Apple has won many battles lately: the last one, the litigation against Epic Games for the control and conditions of the App Store on iPhones. Less well known is the story of its advertising platform – yes, Apple has its own ‘Google Ads’ – which is growing dramatically in recent months.

Revenues from Apple’s Search Ads platform have tripled in the last six months. How could that happen? Easy: Apple has tripped up rivals like Google and Facebook, who have a hard time using advertising targeted at Apple product consumers. In other words: if you want to place an ad on iPhones or iPads and have it seen by the demographic profile you want, it’s a long shot: either you use Search Ads or you’re out of luck.

Search Ads is “eating” the advertising market for iOS devices: its share there for paid ads is 58% according to data from Branch, a US financial consultancy.

How has Search Ads managed to grow in this way? The answer lies in the way Apple treats its competitors on iOS: according to McGee “the rest of the industry is ‘blind’ in the iOS universe.” Targeted advertising, which many advertisers are most interested in, doesn’t work well if you don’t use Search Ads and want that advertising on iOS devices.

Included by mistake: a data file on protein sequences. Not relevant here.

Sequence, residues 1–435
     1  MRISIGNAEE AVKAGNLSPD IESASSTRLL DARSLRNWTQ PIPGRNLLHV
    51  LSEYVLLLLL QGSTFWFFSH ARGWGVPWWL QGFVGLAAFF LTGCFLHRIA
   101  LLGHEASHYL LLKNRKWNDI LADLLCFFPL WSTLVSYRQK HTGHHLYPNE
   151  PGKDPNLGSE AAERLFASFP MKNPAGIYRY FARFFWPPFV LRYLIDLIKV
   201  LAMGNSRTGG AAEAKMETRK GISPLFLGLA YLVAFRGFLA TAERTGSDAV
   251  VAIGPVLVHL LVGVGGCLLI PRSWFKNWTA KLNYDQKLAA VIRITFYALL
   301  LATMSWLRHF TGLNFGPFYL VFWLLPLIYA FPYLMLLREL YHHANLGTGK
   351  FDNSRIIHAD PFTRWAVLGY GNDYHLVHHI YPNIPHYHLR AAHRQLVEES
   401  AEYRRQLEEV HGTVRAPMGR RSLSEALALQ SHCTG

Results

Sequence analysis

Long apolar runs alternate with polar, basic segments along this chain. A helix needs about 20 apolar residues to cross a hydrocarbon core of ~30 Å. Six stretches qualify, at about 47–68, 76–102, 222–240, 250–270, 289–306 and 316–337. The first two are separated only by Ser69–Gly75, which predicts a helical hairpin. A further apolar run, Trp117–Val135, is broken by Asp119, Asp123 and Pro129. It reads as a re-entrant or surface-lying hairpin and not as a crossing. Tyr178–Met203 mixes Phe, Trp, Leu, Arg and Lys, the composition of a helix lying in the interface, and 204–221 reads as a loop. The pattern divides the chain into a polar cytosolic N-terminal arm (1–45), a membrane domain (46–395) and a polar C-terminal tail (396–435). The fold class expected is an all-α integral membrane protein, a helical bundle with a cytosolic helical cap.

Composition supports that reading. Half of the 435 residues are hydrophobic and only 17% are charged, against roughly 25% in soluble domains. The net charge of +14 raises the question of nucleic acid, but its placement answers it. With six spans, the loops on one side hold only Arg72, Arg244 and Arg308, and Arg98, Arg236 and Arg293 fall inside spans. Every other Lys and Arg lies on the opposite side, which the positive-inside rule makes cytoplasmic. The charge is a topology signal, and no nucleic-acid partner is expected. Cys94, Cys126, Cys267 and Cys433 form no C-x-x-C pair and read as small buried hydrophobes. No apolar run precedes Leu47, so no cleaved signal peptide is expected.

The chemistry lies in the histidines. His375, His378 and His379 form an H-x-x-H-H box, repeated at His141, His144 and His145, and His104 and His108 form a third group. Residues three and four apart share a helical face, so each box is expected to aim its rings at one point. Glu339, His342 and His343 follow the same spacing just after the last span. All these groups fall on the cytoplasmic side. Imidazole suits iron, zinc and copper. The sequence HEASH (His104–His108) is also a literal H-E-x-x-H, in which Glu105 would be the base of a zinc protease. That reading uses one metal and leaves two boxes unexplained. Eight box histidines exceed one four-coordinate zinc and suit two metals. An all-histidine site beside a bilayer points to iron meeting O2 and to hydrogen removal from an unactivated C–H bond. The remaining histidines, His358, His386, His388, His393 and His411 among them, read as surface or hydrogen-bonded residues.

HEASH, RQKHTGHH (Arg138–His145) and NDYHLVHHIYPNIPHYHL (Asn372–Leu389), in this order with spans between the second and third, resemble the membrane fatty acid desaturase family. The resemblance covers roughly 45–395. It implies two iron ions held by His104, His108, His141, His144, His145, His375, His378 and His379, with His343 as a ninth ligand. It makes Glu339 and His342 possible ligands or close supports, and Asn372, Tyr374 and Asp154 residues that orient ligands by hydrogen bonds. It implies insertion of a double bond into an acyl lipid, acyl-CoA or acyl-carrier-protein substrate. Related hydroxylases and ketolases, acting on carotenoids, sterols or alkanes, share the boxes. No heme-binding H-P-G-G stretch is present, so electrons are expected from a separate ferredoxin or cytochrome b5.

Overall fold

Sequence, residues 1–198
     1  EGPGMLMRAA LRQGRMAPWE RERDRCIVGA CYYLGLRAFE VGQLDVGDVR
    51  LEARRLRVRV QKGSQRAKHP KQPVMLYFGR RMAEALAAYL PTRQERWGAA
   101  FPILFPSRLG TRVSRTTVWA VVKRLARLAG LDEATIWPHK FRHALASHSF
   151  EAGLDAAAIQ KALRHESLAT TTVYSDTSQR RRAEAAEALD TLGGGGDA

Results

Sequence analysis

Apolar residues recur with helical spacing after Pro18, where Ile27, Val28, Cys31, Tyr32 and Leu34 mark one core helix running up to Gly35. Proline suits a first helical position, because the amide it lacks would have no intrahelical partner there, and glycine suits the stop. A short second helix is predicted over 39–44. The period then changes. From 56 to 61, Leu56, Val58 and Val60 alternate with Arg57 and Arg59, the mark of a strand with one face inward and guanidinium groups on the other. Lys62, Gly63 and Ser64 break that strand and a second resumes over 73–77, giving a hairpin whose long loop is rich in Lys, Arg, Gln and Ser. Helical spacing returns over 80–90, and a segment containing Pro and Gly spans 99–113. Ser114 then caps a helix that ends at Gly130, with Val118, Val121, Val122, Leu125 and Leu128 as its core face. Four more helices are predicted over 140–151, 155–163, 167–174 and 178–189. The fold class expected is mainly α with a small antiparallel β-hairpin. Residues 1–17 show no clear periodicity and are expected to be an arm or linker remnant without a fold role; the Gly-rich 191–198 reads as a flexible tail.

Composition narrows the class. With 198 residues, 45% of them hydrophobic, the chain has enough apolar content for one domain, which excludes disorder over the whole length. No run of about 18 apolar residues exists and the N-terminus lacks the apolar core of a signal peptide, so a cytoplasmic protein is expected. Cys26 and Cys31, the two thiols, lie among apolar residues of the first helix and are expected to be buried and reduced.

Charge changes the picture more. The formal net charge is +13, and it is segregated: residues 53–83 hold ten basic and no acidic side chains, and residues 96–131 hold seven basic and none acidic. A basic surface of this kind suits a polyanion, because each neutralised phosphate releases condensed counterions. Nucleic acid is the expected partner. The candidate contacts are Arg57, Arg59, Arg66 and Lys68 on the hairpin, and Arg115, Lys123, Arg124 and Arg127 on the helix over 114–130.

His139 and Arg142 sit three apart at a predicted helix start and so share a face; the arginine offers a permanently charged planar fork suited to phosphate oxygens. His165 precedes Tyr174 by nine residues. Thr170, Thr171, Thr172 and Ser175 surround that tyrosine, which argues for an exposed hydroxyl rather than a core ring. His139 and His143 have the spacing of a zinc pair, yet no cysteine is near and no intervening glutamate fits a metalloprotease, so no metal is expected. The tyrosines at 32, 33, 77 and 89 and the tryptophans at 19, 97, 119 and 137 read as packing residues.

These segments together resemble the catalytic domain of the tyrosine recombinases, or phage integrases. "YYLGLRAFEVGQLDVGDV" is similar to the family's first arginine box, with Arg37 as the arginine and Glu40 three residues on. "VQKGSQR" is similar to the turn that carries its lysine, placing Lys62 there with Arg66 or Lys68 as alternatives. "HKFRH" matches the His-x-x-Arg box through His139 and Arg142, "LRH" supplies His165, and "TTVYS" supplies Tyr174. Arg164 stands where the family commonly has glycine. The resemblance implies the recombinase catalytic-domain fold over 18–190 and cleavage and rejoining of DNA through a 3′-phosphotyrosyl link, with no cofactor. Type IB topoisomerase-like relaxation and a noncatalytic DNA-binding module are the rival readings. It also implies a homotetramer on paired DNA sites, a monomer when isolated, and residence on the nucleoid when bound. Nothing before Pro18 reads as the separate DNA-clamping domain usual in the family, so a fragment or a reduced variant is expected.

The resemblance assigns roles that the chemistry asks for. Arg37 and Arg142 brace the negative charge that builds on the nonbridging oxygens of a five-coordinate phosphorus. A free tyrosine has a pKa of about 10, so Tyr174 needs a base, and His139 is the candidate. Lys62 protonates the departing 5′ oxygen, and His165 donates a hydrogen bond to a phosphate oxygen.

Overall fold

That has led to Search Ads growing by 69% on iOS devices since June, while its rivals have fallen on average by 43%. Apple’s discourse in recent times is closely linked to the protection of user privacy, and in fact a few months ago it announced its measures clearly aimed at limiting Facebook’s data collection on iOS devices.

As explained in FT, since April the data that arrives when people interact with advertising no longer arrives in real time to advertisers: when users disable this data collection it causes Facebook, Google, Snap, Yahoo or Twitter to become “blind”.

Previously the data being collected was granular and arrived in real time: now it takes up to 72 hours to arrive and it does so in an aggregated form, something that is not as valuable to advertisers. Of course, Apple’s platform provides detailed, real-time information to advertisers when they use Search Ads.


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